How to Save Big Money on Your 2020 Taxes—Part 1

January 22, 2021

When you first realize that your biggest personal and business expense—bar none—is taxes, it can come as quite a shock. Seeing so much of your hard-earned money wind up in the government’s hands can feel like a shakedown. That said, focusing a relatively small amount of time and effort into strategically reducing your taxes can pay major dividends.

Some people resist implementing creative tax strategies because they’re worried it’s going to get them in trouble with the IRS. However, as long as you do things correctly, there’s absolutely nothing illegal or risky about strategizing to pay the least amount of taxes possible.

On the other hand, it is illegal to evade taxes. As the late Martin Ginsburg, Georgetown Law professor and husband of the recently deceased Supreme Court Justice Ruth Bader Ginsburg, used to say, “Pigs get fat; hogs get slaughtered.” In other words, you want to be smart when it comes to saving on your taxes, but not greedy.

As the new year begins, we’re entering into the most critical time of the year for tax strategy, and this two-part series outlines how you can get fat, without getting slaughtered.

Prepare your foundation

To save big on your 2020 taxes, your first step should be either building or rekindling your relationship with your team of financial professionals. These are the individuals who will support you in establishing the foundation for developing and implementing your tax-saving strategies. At the very least, this team should include us, as your Family Business Lawyer™, a bookkeeper/financial manager, and a tax advisor (either a Certified Public Accountant or an Enrolled Agent).

If your bookkeeper’s job is more about data entry than financial management, you should look for someone new—or quickly get your current staff trained and up to speed. An effective bookkeeper will be managing your books on a week-to-week basis (if not daily, depending on your business). Note I said “week-to-week,” not just month-to-month or quarter-to-quarter.

Your bookkeeper’s primary responsibilities could include daily/weekly cash-flow management, monthly review of reports and categorization of expenses, and quarterly updates of your forecast and projections.

Outside of your bookkeeper, your tax advisor is the person who actually files your taxes. Ideally, you should meet with your tax advisor at least twice a year: once in May/June (after tax season) and once approaching year’s end in October/November, which is right now.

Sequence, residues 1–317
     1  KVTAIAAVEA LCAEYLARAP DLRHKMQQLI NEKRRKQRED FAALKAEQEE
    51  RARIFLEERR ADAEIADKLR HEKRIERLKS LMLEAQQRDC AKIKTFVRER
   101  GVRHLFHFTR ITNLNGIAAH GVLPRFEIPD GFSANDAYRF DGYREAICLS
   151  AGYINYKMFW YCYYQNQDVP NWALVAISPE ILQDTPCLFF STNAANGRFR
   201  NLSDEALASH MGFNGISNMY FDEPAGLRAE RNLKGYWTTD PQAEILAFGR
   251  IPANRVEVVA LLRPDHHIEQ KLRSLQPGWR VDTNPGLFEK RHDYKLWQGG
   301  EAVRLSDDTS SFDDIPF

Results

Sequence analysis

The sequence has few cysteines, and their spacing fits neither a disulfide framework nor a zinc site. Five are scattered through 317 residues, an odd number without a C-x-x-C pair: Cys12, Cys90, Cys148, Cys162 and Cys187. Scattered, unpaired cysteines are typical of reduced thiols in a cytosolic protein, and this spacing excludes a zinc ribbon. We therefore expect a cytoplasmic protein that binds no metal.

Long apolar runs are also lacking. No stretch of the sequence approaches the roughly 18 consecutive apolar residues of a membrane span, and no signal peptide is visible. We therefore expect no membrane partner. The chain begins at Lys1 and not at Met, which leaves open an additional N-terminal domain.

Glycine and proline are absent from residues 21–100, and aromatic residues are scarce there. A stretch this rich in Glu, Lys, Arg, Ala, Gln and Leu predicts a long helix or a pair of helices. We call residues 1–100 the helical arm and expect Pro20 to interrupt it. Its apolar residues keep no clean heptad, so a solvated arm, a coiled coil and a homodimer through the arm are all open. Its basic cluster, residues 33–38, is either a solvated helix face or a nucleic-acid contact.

The May/June meeting is a general catch-up, mid-year review that lets your tax advisor know what you’re financially on track to do for the year. Based on that information, your advisor can consider the most effective tax strategy.

When you meet again in October/November, that’s when you’ll really get down to business. This is when you’ll project cash flow through the end of the year and get a tax estimate using different assumptions, both with and without tax-saving strategies included.

If your tax advisor cannot provide this level of service and is merely a tax filer, it’s time to get a new advisor. We can help you with that, so contact us today if you need to find a creative tax advisor who’s capable of handling such things.

Additionally, we meet regularly with many of our clients and their team of financial professionals to ensure their financial strategies are supported with solid legal implementation. To find out if we might be able to support you in this way, contact us today.

Putting your strategies into play

In our next post, we’ll discuss how to develop and implement creative tax strategies that will enable you to keep more of your money in your hands, rather than the government’s. Until then, contact us if you have any questions about what you can do to reduce your upcoming tax bill.

Next week, we’ll continue with part two in this series, discussing ways to save big money on your 2020 taxes.

This article is a service of Greg Gordillo, Family Business Lawyer™. We offer a complete spectrum of legal services for businesses and can help you make the wisest choices on how to deal with your business throughout life and in the event of your death. We also offer a LIFT Start-Up Session™ or a LIFT Audit for an ongoing business, which includes a review of all the legal, financial, and tax systems you need for your business. Call us today to schedule.


Small Business Law Blog


Privacy Policy | Cookies Policy
DISCLAIMER: The content of this website is provided for informational purposes only and should not be construed as legal advice. No action with regards to your particular matter should be taken until you have first sought full legal or professional advice from a fully retained lawyer to act on your behalf. Any reference on this website to past successes or results obtained do not guarantee, warrant, or predict future cases.